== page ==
Most people don’t know this about me, but I can’t stand sarcasm. I don’t care for snarky humor and can’t ever find an actual need for it in conversation.
You need to know this about me because it will tell you how well this book is written. Its satirical tone throughout did not irk me!
Have you read any articles by The Babylon Bee? Have friends shared them on facebook with concern, believing their words to be literal? If not, go check out babylonbee.com and see what I’m talking about. Open a new tab so you can come back and read the rest of my review. 😉
The back of the book describes the website well:
The Babylon Bee is today’s most popular source of Christian satire. This trusted fountain of humor consistently shines a spotlight on modern Christian cultural quirks. As it pokes fun at all-too-familiar trends and traditions, it calls each of us to a truer understanding of real biblical faith…
How to Be a Perfect Christian walks the reader through all major steps to becoming just the opposite, really. Its paradoxical way of guiding you to achieve perfection, as viewed by a self-centered person, is partially hilarious and partially gut-wrenching.
I believe the authors are so in love with Jesus and His Church that they are using their pretty spectacular writing skills to point out flaws in modern “Christianity” in a unique way.
I can easily imagine that there are people who won’t like this book. But I would bet that those same people are struggling (or guilty) in whatever area/section of the book that bothered them. I can’t help but wonder if I’d have strongly reacted to certain sections myself if I hadn’t read The Bait of Satan last year (oops, I forgot to write a review on it! Look it up, it’s by John Bevere).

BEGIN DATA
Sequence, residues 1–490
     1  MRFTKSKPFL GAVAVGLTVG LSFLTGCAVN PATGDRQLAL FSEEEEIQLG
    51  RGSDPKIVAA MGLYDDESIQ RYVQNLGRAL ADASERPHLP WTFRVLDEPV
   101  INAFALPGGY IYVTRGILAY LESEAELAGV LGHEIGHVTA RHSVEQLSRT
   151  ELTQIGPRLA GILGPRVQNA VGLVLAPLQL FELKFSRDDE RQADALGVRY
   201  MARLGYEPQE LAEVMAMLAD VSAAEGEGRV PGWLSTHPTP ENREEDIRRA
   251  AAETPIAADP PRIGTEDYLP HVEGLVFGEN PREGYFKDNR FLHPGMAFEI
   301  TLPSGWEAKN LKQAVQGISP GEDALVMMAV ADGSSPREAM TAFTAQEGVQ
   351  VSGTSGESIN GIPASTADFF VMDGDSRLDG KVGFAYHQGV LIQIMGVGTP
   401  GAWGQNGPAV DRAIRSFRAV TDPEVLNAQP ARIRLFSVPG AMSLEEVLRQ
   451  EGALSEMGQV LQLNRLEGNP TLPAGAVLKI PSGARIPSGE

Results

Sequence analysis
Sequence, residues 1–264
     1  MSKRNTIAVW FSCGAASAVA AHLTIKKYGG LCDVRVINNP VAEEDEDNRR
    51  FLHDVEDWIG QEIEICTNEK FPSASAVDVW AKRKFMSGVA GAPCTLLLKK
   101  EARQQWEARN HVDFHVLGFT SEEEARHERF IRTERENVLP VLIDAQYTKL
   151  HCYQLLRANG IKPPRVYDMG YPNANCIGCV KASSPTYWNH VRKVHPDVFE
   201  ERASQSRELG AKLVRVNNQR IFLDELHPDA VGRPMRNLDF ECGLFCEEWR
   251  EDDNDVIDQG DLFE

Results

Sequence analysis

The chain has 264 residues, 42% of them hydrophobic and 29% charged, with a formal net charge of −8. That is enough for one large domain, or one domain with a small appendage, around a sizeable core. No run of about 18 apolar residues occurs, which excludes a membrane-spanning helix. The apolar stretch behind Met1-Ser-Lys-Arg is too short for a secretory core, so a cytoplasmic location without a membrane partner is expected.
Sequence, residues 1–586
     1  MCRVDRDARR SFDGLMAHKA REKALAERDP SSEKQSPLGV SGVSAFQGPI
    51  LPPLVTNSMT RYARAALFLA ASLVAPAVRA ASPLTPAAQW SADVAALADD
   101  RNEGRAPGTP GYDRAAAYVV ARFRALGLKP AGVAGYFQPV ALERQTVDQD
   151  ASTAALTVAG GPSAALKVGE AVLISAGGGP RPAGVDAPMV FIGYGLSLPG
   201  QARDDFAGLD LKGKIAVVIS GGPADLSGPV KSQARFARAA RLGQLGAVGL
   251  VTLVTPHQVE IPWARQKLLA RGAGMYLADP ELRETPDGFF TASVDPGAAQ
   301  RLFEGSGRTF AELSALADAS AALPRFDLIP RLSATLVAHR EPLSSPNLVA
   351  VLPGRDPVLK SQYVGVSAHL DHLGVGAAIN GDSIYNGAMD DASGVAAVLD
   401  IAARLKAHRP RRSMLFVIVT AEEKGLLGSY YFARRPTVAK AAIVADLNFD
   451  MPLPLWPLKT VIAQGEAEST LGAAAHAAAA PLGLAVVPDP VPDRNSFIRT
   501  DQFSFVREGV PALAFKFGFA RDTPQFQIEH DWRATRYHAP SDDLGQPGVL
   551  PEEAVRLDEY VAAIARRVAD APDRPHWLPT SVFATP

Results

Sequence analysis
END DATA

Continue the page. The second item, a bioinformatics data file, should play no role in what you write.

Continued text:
From how we try to photograph our “perfect” personal Bible study to the common phrases we use to excuse ourselves to how to give off an aura of perfection when you’re really crumbling inside, this book covers an incredible amount of depth in such a quick read.
This could be your next small group’s book study. With each chapter touching on huge subjects, spreading out the reading of it might be a good thing. Give yourself time to absorb it: laugh at the peculiar habits Christians can pick up and then allow the conviction to penetrate, discovering ways to better act what we say we believe.
Typically I love to share quotes from books I read, but each quote needs so much explanation or understanding of the build-up to it, just take my word for it: this is a must-read. Pop it up higher on your “to read” Goodreads bookshelf.
Hope you enjoy it as much as I did!
I received this book free from the publisher through the Waterbrook Multnomah book review bloggers program. I was not required to write a positive review. The opinions I have expressed are my own. I am disclosing this in accordance with the Federal Trade Commission’s 16 CFR, Part 255.